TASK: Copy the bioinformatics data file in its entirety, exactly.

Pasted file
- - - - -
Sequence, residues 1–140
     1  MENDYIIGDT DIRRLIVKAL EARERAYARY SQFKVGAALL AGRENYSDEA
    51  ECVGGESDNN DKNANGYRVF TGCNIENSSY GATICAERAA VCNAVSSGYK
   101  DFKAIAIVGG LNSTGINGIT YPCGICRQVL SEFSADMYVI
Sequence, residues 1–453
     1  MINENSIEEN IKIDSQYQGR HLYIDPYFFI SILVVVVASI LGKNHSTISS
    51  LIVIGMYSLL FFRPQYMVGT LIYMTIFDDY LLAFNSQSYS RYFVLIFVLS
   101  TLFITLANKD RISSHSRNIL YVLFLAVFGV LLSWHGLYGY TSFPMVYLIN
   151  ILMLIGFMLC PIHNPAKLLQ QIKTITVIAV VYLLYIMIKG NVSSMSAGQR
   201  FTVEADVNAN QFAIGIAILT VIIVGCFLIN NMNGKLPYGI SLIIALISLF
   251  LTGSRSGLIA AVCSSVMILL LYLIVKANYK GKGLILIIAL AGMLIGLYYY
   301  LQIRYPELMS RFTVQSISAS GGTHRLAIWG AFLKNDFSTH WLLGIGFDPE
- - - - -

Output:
Sequence, residues 1–140
     1  MENDYIIGDT DIRRLIVKAL EARERAYARY SQFKVGAALL AGRENYSDEA
    51  ECVGGESDNN DKNANGYRVF TGCNIENSSY GATICAERAA VCNAVSSGYK
   101  DFKAIAIVGG LNSTGINGIT YPCGICRQVL SEFSADMYVI
Sequence, residues 1–453
     1  MINENSIEEN IKIDSQYQGR HLYIDPYFFI SILVVVVASI LGKNHSTISS
    51  LIVIGMYSLL FFRPQYMVGT LIYMTIFDDY LLAFNSQSYS RYFVLIFVLS
   101  TLFITLANKD RISSHSRNIL YVLFLAVFGV LLSWHGLYGY TSFPMVYLIN
   151  ILMLIGFMLC PIHNPAKLLQ QIKTITVIAV VYLLYIMIKG NVSSMSAGQR
   201  FTVEADVNAN QFAIGIAILT VIIVGCFLIN NMNGKLPYGI SLIIALISLF
   251  LTGSRSGLIA AVCSSVMILL LYLIVKANYK GKGLILIIAL AGMLIGLYYY
   301  LQIRYPELMS RFTVQSISAS GGTHRLAIWG AFLKNDFSTH WLLGIGFDPE